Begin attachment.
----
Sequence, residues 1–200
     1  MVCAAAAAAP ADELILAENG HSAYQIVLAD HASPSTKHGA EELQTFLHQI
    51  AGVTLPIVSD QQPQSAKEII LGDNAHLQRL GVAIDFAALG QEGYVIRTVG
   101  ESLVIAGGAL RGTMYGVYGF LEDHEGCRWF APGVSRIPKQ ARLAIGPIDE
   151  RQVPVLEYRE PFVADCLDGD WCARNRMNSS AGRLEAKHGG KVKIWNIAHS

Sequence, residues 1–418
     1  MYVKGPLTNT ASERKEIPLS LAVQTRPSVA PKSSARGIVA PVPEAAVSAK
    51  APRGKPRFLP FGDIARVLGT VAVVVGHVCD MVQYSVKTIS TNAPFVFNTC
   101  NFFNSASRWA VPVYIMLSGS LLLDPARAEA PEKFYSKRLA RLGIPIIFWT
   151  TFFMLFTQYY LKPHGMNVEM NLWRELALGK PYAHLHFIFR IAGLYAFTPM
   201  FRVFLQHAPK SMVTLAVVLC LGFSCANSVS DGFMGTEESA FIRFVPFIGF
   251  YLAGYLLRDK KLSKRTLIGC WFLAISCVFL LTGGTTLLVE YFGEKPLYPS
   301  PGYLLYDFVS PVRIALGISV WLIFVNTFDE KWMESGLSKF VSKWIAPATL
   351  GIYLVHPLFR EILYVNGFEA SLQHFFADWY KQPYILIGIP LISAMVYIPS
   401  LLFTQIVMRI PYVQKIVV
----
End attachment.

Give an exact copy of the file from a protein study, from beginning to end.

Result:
Sequence, residues 1–200
     1  MVCAAAAAAP ADELILAENG HSAYQIVLAD HASPSTKHGA EELQTFLHQI
    51  AGVTLPIVSD QQPQSAKEII LGDNAHLQRL GVAIDFAALG QEGYVIRTVG
   101  ESLVIAGGAL RGTMYGVYGF LEDHEGCRWF APGVSRIPKQ ARLAIGPIDE
   151  RQVPVLEYRE PFVADCLDGD WCARNRMNSS AGRLEAKHGG KVKIWNIAHS

Sequence, residues 1–418
     1  MYVKGPLTNT ASERKEIPLS LAVQTRPSVA PKSSARGIVA PVPEAAVSAK
    51  APRGKPRFLP FGDIARVLGT VAVVVGHVCD MVQYSVKTIS TNAPFVFNTC
   101  NFFNSASRWA VPVYIMLSGS LLLDPARAEA PEKFYSKRLA RLGIPIIFWT
   151  TFFMLFTQYY LKPHGMNVEM NLWRELALGK PYAHLHFIFR IAGLYAFTPM
   201  FRVFLQHAPK SMVTLAVVLC LGFSCANSVS DGFMGTEESA FIRFVPFIGF
   251  YLAGYLLRDK KLSKRTLIGC WFLAISCVFL LTGGTTLLVE YFGEKPLYPS
   301  PGYLLYDFVS PVRIALGISV WLIFVNTFDE KWMESGLSKF VSKWIAPATL
   351  GIYLVHPLFR EILYVNGFEA SLQHFFADWY KQPYILIGIP LISAMVYIPS
   401  LLFTQIVMRI PYVQKIVV